The multifaceted Sandy Evans is often described as one of Australia's finest jazz musicians and composers. True enough, but as When the Sky Cries Rainbows
amply demonstrates, this saxophonist surely ranks as one of the best contemporary jazz composers/musicians anywhere. A musical response to her husband, clarinetist Tony Gorman's multiple sclerosis, this sixty-minute, suite-like work conveys a remarkable range of colors and textures, and a breadth of musical ideas that evokes composers Duke Ellington
and Gil Evans
in the more impressionistic segments, and modernists like bassist Dave Holland
and alto saxophonist Steve Coleman
in the swinging, tightly knit post-bop and knottier episodes.
The title track is a dynamic nine minutes of fluidly shifting patterns. Trumpeter Phil Slater, trombonist James Greening and Evans' soprano weave dense harmonies which blend as one, yet whose individual colorslike a rainbow's bandsgradually gain in definition. Bassist Brett Hirst and drummer Toby Hall
provide a sophisticated rhythmic platform from which Evans, pianist Alister Spence
and Slater launch telling solos. The three-part harmonies converge again, serene yet powerful, and carry the composition out over a dramatic bass and piano riff. It's a mightily impressive opener, and its mixture of careful architecture and inherent freedom rather nicely sets the tone for all that follows.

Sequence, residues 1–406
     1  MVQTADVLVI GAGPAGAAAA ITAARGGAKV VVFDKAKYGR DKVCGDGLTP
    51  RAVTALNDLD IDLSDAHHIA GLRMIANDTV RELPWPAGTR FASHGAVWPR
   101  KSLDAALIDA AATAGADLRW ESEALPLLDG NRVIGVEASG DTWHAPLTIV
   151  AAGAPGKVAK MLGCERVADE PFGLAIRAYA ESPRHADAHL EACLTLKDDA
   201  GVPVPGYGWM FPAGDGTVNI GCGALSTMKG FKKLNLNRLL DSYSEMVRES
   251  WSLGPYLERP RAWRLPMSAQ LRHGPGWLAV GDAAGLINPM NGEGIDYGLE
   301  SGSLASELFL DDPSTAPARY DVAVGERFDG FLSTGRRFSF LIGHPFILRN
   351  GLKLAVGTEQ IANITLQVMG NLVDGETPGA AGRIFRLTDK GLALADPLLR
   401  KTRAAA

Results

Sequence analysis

Evans' arrangements vary greatly and maximize the possible combinations of the six musicians. Lone trumpet features on "Spectre," an atmospheric, blue reveille; "Indigo Blue"an intimate duet with long-time collaborator Spenceis a beautiful, John Coltrane
-influenced affair, with a wonderfully commanding tenor solo from Evans, confident and poised. Evans sits out the trio piece, "Indra Slays the Demon Serpent," a short but vibrant trombone showcase. Greening's muted trombone is protagonist of the churning "Alexander's Dark Band," growling an exceedingly catchy motif in sync with bowed bass. Trumpet, tenor and trombone chatter together a little drunkenly before the trombone and bass motif returns, with sax and trumpet dovetailing on the flanks.
There are three radically different quartet numbers: the drummer-less "Chromatic Dispersion" sounds like a Gil Evans score for an unsettling film noir scene; the post-bop "Violet" is a classic, tenor-led piece in the swinging vein of tenor player Ernie Watts
; and the slightly morose "Broken" is a lament, with trumpet emitting pained cries. Two quintet pieces also provide stark contrast: "Spectre of the Broken" is a notable, moody vignette with trumpet and tenor inseparable, following a forceful melodic line over a funereal bass; and "Heedrum-Hodrum Headbanging" goes from jumpy, minimalist patterns that interlock, to gritty riffs before morphing into unreserved free jazz.
"40 Degrees" is a rousing hard-bop workout of few surprises but charged soloing. There's a celebratory South African Township air about "Hand in Hand," with beautiful, concise statements from the lead voices. An irresistible bass ostinato drives the rhythmically strong "With the Sun Behind Me," Evans again delivering a stirring and impassioned tenor solo.
Without rain there's no rainbow, and without pain there's no yardstick for love. When the Sky Cries Rainbows
is a sublime personal statement, tinged by introspection and pain but ultimately vital, triumphant and inspired.